“I also get a lot out of it, too; I get to coach at one of the most recognized universities in the world, and there’s a lot that comes with that.

“The biggest thing, though, is that it’s so rewarding to teach at the collegiate level. You’re not dealing with kids who are in the program because their parents want them to be in the program; you’re dealing with adults who are juggling the workload of going to a top university and still finding time to train with you.”

As a volunteer, Tang has also assisted Olympic gold medalist Steven Lopez, with whom he lived and worked out with in Texas in 2003. In 2012, Tang served as a training partner for Lopez and his sister, Diana, at the London Olympic Games.

“That’s such a huge honor,” Tang said. “To be asked by somebody who’s the greatest athlete in the history of the sport is unbelievable, and I put 100 percent into being the best training partner that I could be.

“That was another way for me to contribute to and stay involved in the sport. For me, that was my Olympic experience.”

In the early 2000s, when Tang lived and worked out at the U.S. Olympic Training Center in Colorado Springs, he developed a relationship with the Lopez family that transcended the sport. And the threads that first wove the ties of that bond are as strong today, Tang said.

“Even though he’s younger, I’ve always looked up to him,” he said of Steven, with whom he travelled in 2013 as a guest coach at an international event in Greece. “He’s one of the best athletes in the world, and you can’t turn opportunities like that down.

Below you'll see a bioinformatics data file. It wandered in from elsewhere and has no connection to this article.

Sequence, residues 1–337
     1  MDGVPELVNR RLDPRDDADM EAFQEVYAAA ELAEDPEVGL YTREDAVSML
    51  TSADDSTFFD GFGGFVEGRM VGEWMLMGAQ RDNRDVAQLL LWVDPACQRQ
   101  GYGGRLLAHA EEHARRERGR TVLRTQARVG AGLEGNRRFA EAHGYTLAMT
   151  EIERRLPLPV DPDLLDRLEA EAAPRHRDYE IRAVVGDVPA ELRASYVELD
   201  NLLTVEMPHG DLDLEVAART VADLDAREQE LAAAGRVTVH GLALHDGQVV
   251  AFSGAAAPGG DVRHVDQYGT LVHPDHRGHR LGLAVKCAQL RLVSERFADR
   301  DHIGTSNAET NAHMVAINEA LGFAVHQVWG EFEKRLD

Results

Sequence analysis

“Now, all the members of the Lopez family are like my brothers and sisters. When I speak to them at any given time, it’s less about taekwondo and more about how the family’s doing and things like that.”

The Lopez family has also helped Tang prepare at every stage of his several attempts at a comeback on the mat.

“Since my accident, I’ve always wanted to return, but I’ve constantly been battling health issues,” Tang said. “I’ve been going to rehab about three days a week since 2006, and every time I started to get healthy again and to a level where I thought I could compete, I always ran into another injury.

“Basically, all of that stemmed from my original accident. I’ve met with all the best doctors—people from Massachusetts General (Hospital) and Harvard University and using the sports science division and the USOC.

“It’s been really depressing; I’ve gone through fits of depression and a lot of the mixed emotions of wanting to be able to participate but not being able to do that. I’ve gotten close a couple times, but it just hasn’t worked out.”

Still, Tang’s drive to spread the influence of taekwondo—whether at 9 or 10 p.m. on weeknights with Harvard students in Cambridge, Mass., or with UFC superstars at elite training centers—is never-ending.

“The Olympic sport of taekwondo pretty much changed my life,” Tang said. “I grew up in a very rough area, and that can be seen in my accident, so taekwondo helped take me out of that element.

“In my early 20s, taekwondo gave me an avenue to get away from that and see the world and be part of an Olympic sport. I owe everything to that, and if I can be an ambassador for the sport in the Olympic movement in a different way, then I want to do that.

“I’m forever indebted to all my mentors and everybody who helped me along my journey.”

Check back on the USAT website in the coming weeks for another story on Tang and his growing influence in the UFC.